For as long as most gold and silver investors can remember, the paper markets - that is, banks and speculators placing bets with futures contracts - have set the price of those metals. And within the paper markets, “the commercials” - fabricators and big banks - have consistently fooled speculators like hedge funds into going long or short at exactly the wrong time.
The data series that tracks this relationship is known as the commitment of traders report (COT), and it’s been a pretty reliable indicator of precious metals’ short-term trajectory.
Right now that’s bad news for gold and especially for silver, because the speculators - who, remember, are usually wrong at the extremes - are exuberantly long the latter, implying that the silver recovery is due for a correction. Here’s a recent piece from well-known metals trader Dan Norcini:
By that I mean, it just keeps getting scarier and scarier.
My guess is that every speculator on the planet is long silver/short gold or outright long silver.
That of course is an exaggeration but I am not exaggerating when I categorically state that the silver market is a train wreck just waiting to happen. As I have said before, and will say so again – I would rather miss any more upside in this market than get long now, not with a trade so lopsidedly jammed with speculators on the long side. I will leave that for the daredevils and others who like driving the stagecoach as close to the edge of the mountain pass road as they possibly can.
Here is a look at the hedge fund outrights:
Yet another all time record high! Tell me we do not have a buying frenzy taking place in the silver market! I suppose it can keep going higher and the specs can keep piling on more and more longs but when it breaks, it is going to be ugly – unless you are short and then it will be a thing of beauty to behold a mass exodus of hapless specs who ended up buying the top in this thing.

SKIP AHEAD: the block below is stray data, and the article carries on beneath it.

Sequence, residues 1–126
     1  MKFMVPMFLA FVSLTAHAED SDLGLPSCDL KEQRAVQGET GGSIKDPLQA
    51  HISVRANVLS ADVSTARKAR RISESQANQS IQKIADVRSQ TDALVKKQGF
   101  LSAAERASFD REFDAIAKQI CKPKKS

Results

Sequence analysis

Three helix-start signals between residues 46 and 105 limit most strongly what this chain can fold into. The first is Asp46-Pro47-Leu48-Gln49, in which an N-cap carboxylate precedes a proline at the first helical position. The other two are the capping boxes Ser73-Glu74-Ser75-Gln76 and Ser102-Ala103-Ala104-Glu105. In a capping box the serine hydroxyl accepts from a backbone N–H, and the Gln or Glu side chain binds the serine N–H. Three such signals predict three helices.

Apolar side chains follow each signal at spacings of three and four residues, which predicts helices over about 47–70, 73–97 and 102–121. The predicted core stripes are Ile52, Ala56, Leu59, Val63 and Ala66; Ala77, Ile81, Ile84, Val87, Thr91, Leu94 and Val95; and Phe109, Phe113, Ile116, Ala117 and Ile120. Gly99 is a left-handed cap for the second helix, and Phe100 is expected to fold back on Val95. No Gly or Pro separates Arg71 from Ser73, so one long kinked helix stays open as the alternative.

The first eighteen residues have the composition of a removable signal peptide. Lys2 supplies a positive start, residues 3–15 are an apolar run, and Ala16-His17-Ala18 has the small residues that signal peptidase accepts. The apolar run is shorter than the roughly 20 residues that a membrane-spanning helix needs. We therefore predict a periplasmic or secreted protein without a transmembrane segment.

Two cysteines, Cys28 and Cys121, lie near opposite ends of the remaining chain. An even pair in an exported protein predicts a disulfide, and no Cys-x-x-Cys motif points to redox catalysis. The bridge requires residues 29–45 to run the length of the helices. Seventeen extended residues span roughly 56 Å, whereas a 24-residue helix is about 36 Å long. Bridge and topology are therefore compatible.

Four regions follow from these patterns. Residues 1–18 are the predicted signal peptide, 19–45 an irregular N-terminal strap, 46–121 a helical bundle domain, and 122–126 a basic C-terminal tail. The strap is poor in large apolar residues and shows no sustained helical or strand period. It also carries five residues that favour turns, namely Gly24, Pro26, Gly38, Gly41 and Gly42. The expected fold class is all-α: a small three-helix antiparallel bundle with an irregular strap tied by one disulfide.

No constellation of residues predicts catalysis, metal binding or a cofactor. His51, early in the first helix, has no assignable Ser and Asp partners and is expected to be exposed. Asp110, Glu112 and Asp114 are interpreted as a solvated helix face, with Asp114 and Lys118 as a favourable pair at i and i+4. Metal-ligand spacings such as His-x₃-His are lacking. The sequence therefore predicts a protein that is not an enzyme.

Commercial interests and Swap Dealers have been more than happy to offload silver into the hands of speculators at these prices. If I were long this market, and I am not, I would get some downside protection through the use of options at the very least.
On the other side of this argument is London metals trader Andrew Maguire, who in his latest interview on King World News asserts that gold and silver are entering new, post-paper age in which physical demand sets prices:
Western central planners have finally lost control of the gold market.
There is an unprecedented liquidity drain out of London markets into physical markets in the East. It’s flowing out of the paper market into the physical exchanges. These events are unprecedented, forcing changes in the behavior of paper markets that are not comprehended by paper-centric analysts who are puzzling over outdated chart patterns and synthetically extracted data.
Just this week things came to a head. An overwhelming number of bearish observations appeared in the blogosphere. I see a lot of hand wringing about open interest structure which historically at these levels has resulted in a major rinse lower. But the gold market is increasingly driven by global physical benchmarks. The physical market dog is starting to wag the paper market tail. Anyone trading paper-centric historical patters is driving forward while looking in the rear view mirror.
Maguire goes on to say that if this is indeed the long-awaited physical take-over of the precious metals markets silver will not only fail to correct, it will go up faster than gold, bringing the gold/silver ratio down to more historically normal levels.
For those getting back into precious metals after the brutal bear market of the past few years, the prospect of the Eastern physical markets taking over from the Western paper markets is welcome. But it adds another layer of complexity to an already opaque market.
So here again, the only rational response is to embrace the short-term uncertainty and dollar-cost average. Since both camps in the above debate see precious metals much higher a few years hence, just buy a little at a time and don’t try to play the squiggles. Leave that to the pros.